Angry Birds - Mighty Eagle

The (im)morality of pay-to-win games

Freemium with micro-transactions seems to be the the direction the game industry is headed, as virtually every mobile game developer is now adopting it. In case you’ve somehow missed this trend, freemium games are theoretically feature complete, but have some system of in-game monetization to generate revenue.

The problem, and the reason I bring up the concept of morality, is that nobody is monitoring what content gets sold as in-app-purchases. I suppose it’s every company’s right to determine what content they charge for, just as it is every consumer’s right to purchase that content if they want to, but I think it corrupts the ‘spirit’ of gaming when gamers can pay to make the game easier.

This is particularly problematic in a multiplayer scenario: if games are intentionally skewed to favor the highest-paying player, how is ‘winning’ at all a reflection of one’s performance in the game? The gaming community has been pretty vocal about the negative implications of this trend – it’s nothing new.

I would argue that the single player P2W IAPs are even more destructive to the spirit of gaming though, as they’re not as blatant in their execution. Allow me to illustrate my point with an example, the “Mighty Eagle” from the Angry Birds franchise. It’s essentially an IAP that beats a level for you.1 In other words, players can pay money to skip the game’s content. I ask you: what is the point? Why even play the game if you only intend to purchase content that will allow you to not play said game? It’s a paradox that leaves me a little stumped. I think it has something to do with misguided feelings of gratification, particularly with children who, let’s be honest, are kind of stupid.

Does that mean IAPs are bad though? I would argue that any business model that puts power in the hands of the consumer is healthy, and I would also argue that IAPs do just that, so long as they are employed in such a way that they do not upset the balance of the game’s mechanics. I view freemium titles as more functional demos – you’re allowed to play a fully functional game for free, presumably enough to get a sense of whether or not you enjoy said game, and the option is there if you would like to customize/expand the content of the game a bit.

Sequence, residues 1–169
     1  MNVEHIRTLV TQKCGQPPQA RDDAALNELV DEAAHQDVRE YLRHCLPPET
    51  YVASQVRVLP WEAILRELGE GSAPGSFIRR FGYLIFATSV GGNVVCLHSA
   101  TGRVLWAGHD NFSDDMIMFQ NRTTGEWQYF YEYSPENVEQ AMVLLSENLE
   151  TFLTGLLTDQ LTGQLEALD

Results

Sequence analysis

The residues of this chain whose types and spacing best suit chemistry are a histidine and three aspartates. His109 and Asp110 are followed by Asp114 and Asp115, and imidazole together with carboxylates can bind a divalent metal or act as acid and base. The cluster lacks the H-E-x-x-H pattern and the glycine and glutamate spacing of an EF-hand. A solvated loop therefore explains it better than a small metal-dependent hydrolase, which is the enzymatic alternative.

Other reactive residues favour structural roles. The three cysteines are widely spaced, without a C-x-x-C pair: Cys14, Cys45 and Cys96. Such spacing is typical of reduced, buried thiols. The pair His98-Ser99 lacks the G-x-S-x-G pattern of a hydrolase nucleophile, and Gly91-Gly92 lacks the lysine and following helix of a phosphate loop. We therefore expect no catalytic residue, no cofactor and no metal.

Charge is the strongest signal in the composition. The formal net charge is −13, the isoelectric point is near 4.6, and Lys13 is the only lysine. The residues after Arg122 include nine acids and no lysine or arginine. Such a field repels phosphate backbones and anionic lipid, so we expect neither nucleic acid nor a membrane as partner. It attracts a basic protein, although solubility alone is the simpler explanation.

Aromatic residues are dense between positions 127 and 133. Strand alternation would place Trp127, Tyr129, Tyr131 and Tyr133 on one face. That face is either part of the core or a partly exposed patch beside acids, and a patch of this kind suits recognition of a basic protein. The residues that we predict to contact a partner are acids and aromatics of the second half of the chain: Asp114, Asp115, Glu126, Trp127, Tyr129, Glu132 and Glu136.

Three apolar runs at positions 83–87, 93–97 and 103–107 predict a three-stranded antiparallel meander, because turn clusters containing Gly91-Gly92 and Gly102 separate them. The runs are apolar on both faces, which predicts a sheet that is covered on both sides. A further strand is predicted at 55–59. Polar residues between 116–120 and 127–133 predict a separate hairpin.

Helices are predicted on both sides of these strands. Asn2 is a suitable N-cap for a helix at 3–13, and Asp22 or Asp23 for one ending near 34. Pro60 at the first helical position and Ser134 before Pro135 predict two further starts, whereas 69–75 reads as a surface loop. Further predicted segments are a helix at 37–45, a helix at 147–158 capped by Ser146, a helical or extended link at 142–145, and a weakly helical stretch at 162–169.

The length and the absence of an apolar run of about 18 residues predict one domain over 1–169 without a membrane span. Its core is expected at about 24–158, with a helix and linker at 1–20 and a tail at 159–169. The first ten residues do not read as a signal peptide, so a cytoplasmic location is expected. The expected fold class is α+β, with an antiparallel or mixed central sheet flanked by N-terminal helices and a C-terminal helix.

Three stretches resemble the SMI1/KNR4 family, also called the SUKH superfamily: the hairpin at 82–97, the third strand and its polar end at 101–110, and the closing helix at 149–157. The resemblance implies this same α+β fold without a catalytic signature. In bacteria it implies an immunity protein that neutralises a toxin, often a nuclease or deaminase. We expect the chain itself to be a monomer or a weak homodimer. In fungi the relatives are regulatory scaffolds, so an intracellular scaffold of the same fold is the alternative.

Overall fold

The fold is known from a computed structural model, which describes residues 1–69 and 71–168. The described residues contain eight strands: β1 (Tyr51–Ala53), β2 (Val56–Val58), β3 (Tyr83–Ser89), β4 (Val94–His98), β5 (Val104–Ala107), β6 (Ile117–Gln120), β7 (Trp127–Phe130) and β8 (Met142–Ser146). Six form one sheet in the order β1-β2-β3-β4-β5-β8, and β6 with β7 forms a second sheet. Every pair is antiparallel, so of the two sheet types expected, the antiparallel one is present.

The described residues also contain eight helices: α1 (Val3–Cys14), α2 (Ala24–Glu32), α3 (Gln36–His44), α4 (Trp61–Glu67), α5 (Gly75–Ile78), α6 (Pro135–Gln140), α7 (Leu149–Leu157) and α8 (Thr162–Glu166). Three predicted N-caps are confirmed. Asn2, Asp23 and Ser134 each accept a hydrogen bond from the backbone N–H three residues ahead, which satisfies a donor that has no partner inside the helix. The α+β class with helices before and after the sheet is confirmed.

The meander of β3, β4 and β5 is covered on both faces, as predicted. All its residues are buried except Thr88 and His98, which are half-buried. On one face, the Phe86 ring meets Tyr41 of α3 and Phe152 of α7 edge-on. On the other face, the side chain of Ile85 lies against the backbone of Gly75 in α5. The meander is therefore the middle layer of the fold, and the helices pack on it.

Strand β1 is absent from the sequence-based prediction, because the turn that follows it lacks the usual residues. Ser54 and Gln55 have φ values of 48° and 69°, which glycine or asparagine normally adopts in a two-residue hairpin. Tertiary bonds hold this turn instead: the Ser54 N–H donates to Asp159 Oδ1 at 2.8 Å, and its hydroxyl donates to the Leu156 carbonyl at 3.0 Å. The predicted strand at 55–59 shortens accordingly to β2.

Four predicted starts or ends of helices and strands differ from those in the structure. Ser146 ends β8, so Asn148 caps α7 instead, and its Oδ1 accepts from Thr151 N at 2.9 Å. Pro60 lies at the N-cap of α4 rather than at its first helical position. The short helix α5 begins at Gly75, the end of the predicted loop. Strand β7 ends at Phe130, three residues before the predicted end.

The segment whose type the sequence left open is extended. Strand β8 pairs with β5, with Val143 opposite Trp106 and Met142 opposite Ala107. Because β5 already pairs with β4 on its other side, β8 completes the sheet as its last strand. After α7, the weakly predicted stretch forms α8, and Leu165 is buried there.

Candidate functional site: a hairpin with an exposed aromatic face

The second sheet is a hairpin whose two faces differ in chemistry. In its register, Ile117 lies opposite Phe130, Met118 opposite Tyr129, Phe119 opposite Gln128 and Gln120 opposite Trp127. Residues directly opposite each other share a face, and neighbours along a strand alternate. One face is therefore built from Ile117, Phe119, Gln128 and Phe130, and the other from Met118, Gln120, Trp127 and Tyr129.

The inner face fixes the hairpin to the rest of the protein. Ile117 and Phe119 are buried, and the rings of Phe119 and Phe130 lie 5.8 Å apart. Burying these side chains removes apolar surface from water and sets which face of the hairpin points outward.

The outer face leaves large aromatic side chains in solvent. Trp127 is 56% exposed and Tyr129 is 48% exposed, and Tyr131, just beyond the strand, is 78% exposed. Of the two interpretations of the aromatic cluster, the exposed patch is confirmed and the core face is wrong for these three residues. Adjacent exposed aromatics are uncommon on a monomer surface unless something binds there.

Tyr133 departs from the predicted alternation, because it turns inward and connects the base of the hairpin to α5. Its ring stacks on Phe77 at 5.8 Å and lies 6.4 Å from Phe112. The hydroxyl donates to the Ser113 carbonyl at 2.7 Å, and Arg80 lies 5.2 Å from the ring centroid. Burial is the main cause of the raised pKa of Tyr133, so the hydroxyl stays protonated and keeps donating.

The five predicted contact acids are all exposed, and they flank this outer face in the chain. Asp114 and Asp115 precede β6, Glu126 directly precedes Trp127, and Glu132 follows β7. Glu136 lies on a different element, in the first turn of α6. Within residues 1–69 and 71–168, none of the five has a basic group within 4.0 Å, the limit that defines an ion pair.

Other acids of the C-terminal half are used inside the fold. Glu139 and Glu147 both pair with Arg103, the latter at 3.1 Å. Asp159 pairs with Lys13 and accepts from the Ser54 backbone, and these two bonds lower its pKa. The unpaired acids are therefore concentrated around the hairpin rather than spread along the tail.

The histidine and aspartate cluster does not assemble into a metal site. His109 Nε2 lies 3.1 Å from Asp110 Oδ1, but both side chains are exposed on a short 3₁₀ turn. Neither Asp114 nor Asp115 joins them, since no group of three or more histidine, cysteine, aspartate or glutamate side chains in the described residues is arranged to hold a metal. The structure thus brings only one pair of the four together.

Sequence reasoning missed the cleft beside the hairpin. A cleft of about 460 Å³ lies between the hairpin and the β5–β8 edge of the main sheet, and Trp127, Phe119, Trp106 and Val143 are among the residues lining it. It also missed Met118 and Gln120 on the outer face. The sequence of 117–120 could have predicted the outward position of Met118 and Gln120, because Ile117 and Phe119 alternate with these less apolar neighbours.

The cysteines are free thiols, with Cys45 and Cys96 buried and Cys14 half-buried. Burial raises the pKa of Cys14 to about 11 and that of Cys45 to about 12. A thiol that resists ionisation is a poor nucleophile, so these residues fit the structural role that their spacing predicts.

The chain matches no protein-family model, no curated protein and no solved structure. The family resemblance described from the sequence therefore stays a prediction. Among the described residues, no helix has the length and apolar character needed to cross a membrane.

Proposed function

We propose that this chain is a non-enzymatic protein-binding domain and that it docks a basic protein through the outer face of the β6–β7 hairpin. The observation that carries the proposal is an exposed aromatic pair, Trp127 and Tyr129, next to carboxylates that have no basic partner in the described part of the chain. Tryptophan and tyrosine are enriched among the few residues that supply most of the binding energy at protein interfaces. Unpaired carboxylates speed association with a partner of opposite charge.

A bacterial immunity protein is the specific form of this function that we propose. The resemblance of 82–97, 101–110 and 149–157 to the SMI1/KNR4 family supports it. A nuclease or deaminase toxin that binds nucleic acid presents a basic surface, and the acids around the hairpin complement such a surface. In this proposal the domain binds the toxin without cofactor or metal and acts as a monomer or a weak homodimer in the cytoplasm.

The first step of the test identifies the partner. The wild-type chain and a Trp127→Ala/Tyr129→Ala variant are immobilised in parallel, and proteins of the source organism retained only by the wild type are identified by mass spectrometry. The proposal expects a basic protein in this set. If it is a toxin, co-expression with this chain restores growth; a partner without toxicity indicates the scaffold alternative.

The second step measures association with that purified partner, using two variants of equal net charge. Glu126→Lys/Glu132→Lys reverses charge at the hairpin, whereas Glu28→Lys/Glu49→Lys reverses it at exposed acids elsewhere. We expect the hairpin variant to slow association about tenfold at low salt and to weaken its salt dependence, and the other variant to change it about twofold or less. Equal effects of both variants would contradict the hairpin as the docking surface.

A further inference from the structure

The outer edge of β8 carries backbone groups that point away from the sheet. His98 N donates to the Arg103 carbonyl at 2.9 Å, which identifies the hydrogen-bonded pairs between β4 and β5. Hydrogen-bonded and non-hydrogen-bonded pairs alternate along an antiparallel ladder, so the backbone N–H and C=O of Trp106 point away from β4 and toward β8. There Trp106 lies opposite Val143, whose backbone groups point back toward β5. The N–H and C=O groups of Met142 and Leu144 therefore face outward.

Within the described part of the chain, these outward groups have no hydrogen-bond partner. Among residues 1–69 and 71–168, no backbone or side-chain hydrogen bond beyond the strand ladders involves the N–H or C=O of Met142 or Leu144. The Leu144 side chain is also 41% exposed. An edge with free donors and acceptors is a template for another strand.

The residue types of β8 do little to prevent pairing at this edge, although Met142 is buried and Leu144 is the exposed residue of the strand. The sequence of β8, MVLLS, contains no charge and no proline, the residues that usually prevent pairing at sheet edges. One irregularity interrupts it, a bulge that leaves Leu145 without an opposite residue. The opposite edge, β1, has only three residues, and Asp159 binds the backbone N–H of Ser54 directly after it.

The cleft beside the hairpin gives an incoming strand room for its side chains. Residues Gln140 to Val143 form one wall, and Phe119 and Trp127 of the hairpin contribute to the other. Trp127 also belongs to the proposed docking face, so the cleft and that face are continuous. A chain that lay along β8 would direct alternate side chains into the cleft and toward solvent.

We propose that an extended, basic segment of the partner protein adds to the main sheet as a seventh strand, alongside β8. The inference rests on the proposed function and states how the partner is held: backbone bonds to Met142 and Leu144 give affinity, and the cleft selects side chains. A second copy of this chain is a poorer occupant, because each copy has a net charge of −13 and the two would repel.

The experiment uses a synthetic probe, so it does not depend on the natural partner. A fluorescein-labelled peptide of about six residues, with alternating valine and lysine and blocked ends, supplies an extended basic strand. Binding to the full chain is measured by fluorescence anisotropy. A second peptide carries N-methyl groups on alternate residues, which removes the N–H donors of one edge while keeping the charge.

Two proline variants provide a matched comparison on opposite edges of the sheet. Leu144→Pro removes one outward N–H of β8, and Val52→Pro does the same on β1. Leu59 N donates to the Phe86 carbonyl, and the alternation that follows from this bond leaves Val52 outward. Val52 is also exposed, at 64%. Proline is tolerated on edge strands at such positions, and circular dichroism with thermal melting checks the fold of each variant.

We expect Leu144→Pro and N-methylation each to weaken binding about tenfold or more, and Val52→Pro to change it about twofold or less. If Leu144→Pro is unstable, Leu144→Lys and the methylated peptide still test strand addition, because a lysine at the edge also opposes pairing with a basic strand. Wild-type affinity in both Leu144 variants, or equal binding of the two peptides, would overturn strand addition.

I know many gamers complain that they shouldn’t have to pay for additional levels or characters or other forms of IAP content, but let’s remember what life was like before the Internet. Let’s go back 20 years or so: imagine, if you will, that some sweet game just came out, let’s say it’s Spaceship Warlock. Your friends at school tell you it is THE BOMB. You convince your parents to take you to the computer store, where you will spend your saved allowance on a shiny new copy of what will hopefully be an incredible gaming experience. How much do you shell out for Spaceship Warlock? $95. Ninety-five dollars + $400 for the system it runs on. What’s more, you take it home and play it, and it’s completely weird and you stop playing it after like two days (only to dig it out of your closet twenty years later and replay it for kitsch value).

Ninety-five dollars. And we’re complaining about extra content being bundled into dollar purchases? Are we spoiled or what? Seriously though, game developers have to make money somehow, and IAPs are honestly a very fair and cool way of doing it if it’s done right, as the amount you pay is commensurate with the enjoyment you’re getting out of the game. Don’t like the game? Uninstall it – you paid nothing for it. Like it? Buy a new character or level or whatever, most likely for the cost of a candy bar.

Seriously though, ninety-five dollars for Spaceship Warlock. Personally, I am happy with where technology has taken us and I will embrace ethical IAPs in the games I design for the foreseeable future.

1There are a couple caveats, i.e. ‘destruction’ rating. I’ll give them that they at least tried to preserve the spirit of gaming a little bit.